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Serendipitous Syrup 

   While living in Western Massachusetts in 2012, I started a business called Golden Goddess Honey. The business entailed infusing honey with different herbs and spices. Dried plant material such as cardamon, cinnamon, lavender and star anise would be combined with raw honey. After a period of time, the honey would be strained off and the infused honey ready to bottle. However, not all of the honey would drip off the plant material and I would be left with a mat of honey and herbs. Coming from old yankee stock, ingrained with the mantra “waste not, want not” I could not bear to see the honey covered herbs go to waste. I began to place the “honey mats” on top of the beehives’ inner cover and let the bees take back what I had stolen from them. During this time, I was often checking the bottom boards for fallen varroa mites. I noticed that when I fed a hive the star anise honey mat, significantly more mites fell onto the bottom board compared to the other herb honey mats. 


   Delighted and curious, I started experimenting with feeding the bees sugar water made with star anise. Method of choice being a top feeder because I found it the easiest and least time consuming to apply. I found that compared with the other mite treatments I was using, for example products derived from thymol and oxalic acid, the star anise sugar water worked just as well and sometimes better at dropping mites. The bees naturally love the smell of star anise and are instantly attracted to it. This attraction can also be seen in the tradition of bee lining; a method of tracking bees back to their nest in the wild in which anise extract is used to bait the bees [1]. 


   Alternately, I noticed that the bees would become agitated after the thymol or oxalic acid treatments and it seemed disruptive to the hive. I also disliked exposing myself to the toxicity of these treatments, especially the oxalic acid. Once while treating a hive for varroa mites with the vapor form of oxalic acid, the wind shifted and could have easily given me a really bad chemical burn. I got away with a little bit of a sore throat but after that, I decided I didn’t want to take the risk of poisoning myself anymore. Since then, I have only been treating my hives with star anise sugar water and have had excellent results. I have counted over 100 mites at a time fallen on bottom boards, after a 24 hour feeding period of 500g/hive of star anise sugar water. Plus, the added bonus of no toxic side effects and less money spent on commercial treatments.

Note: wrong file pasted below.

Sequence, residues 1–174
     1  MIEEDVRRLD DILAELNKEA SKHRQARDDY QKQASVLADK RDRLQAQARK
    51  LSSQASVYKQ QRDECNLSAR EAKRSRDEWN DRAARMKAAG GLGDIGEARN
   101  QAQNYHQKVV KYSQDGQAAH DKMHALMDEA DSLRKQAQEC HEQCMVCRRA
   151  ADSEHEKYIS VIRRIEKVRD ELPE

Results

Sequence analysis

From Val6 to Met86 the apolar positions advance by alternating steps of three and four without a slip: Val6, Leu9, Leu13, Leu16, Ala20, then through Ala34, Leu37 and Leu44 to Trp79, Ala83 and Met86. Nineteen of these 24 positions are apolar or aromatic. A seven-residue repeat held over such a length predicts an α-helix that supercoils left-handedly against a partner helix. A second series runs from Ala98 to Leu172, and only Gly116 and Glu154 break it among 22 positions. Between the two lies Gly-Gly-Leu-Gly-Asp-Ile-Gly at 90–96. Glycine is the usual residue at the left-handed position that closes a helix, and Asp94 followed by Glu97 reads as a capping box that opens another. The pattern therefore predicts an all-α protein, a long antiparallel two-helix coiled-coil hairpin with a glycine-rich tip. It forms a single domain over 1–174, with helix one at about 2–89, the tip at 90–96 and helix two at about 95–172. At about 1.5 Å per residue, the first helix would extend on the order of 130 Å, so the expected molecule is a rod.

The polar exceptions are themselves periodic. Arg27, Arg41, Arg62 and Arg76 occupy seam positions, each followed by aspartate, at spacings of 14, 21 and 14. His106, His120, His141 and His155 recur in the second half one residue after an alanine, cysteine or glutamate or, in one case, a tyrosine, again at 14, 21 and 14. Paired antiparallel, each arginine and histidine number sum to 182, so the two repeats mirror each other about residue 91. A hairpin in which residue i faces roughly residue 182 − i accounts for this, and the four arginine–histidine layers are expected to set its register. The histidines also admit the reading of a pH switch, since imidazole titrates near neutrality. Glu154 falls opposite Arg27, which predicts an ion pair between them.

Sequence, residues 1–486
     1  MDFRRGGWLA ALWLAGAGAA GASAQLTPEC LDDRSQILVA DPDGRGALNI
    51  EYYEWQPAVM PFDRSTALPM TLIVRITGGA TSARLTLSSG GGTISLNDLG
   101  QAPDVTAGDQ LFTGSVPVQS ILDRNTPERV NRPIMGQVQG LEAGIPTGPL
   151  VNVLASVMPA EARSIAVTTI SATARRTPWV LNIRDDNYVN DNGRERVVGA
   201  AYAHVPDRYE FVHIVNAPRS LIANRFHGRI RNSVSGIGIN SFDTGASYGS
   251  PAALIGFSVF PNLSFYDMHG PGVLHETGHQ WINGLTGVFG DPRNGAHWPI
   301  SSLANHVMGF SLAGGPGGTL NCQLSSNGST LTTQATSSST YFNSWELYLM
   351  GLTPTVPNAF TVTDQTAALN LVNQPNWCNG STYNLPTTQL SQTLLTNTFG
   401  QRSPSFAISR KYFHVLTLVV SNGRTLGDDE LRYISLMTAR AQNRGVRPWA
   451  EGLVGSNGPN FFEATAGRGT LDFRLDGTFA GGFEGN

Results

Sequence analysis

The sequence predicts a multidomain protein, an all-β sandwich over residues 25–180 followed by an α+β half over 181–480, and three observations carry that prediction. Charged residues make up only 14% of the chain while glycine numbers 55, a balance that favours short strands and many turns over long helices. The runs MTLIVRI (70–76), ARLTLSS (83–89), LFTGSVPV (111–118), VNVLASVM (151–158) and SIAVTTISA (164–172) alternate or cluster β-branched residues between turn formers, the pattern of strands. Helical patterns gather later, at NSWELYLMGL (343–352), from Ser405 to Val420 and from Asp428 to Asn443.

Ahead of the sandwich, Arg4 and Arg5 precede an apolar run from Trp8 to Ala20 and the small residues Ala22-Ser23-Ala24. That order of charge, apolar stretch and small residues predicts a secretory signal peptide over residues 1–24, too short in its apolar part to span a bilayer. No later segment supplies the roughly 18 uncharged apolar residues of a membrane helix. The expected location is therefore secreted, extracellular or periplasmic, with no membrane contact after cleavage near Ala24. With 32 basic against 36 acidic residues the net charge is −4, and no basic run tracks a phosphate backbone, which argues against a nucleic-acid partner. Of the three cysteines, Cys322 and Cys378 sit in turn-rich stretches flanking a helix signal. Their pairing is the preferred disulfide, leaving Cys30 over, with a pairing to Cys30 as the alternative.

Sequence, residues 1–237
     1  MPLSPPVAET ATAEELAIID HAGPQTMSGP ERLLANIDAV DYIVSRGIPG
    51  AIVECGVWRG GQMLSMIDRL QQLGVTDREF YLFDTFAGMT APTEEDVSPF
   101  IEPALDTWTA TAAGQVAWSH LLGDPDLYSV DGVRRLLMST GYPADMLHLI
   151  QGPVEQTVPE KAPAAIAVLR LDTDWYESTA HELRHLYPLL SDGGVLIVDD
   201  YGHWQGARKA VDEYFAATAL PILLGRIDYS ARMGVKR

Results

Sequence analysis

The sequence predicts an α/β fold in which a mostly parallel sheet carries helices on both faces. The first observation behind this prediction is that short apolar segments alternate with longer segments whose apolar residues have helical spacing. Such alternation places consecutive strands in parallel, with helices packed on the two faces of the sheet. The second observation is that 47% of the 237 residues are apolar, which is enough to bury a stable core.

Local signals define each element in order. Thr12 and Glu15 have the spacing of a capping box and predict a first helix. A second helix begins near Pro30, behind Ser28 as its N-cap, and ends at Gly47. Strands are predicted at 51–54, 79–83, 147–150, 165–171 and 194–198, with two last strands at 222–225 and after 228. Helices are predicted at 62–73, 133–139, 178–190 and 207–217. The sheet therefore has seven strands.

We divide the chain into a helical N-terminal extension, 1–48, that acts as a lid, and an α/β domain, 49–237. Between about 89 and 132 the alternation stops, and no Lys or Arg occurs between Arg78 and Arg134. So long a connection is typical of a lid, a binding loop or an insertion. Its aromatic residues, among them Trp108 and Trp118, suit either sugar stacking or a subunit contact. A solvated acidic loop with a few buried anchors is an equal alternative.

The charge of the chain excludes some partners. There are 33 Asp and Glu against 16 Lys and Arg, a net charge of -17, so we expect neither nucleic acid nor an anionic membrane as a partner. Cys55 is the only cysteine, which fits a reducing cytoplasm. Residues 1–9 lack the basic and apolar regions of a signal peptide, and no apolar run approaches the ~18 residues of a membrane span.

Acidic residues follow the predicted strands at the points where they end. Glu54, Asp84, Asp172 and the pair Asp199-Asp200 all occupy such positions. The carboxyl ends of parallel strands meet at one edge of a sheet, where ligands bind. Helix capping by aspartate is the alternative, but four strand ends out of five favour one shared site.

After doing some research I have concluded that one reason star anise may work so well at treating varroa could be the presence of organic compounds called anethole and anisaldehyde. Anethole and anisaldehyde are the compounds that give licorice and anise it’s characteristic smell. In China and India star anise have been used traditionally to control insects such as cockroaches and a variety of mites for generations.  Anethole and anisaldehyde has been shown to be effective against Tyrophagus putrescentiae (mold mite or cheese mite) at a better rate than DEET [2]. Anisaldehyde seems to work synergistically with anethole in its level of toxicity to varroa creating a powerful miticide. 


   I have since moved to Cape Clear Island in Southwest Ireland to be with my partner Brennus. I continue to keep bees and treat them for varroa using star anise sugar syrup. The star anise syrup has been extremely effective at dropping varroa mites but the other half of its success is due to screened bottom boards with removable inserts for counting mites. Without screened bottom boards the mites would not be able to fall from the hive and therefore have the ability to stay in the hive and crawl back onto a bee. Screened bottom boards also allow the beekeeper to monitor how many mites have fallen in response to the treatment and assess varroa mite loads within a hive. Leaving screened bottom boards on all year continuously lets mites fall from the hive and provides beneficial ventilation. 


   I find that treatment timing has a significant impact on its effectiveness. Regularly treating hives going into winter when the queens stop laying and again in early spring when the queens resume laying strengthens the colony for the active summer months. If I see a mite on a bee in the summer during an inspection, I know that hive has high mite loads and I treat them. Treating after a swarm or a split is also an effective time to treat because the brood cycle has been interrupted, making the mites reproduction more vulnerable. To reduce the risk of robbing from other bees, feeding sugar syrup in the evening is ideal. I restrain from treating hives during honey flows because I don’t want to harvest honey from sugar water. However, if I did, it would be completely harmless and edible. 


   While star anise may not be the solution to all the problems surrounding varroa destructor it’s a great asset in the beekeepers tool box. Star anise has significant potential to do the beekeeping community and most importantly the honey bee, a lot of good and I hope to see more research about it in the future. It is appealing because it is a non-toxic, all natural and easily accessible treatment for many beekeepers. I encourage beekeepers to do some of their own experimenting and would be eager to hear about the results. 


   Happy beekeeping and I hope you have mitey results.

         All the best,

             Samantha Parsons

                   June 20, 2020




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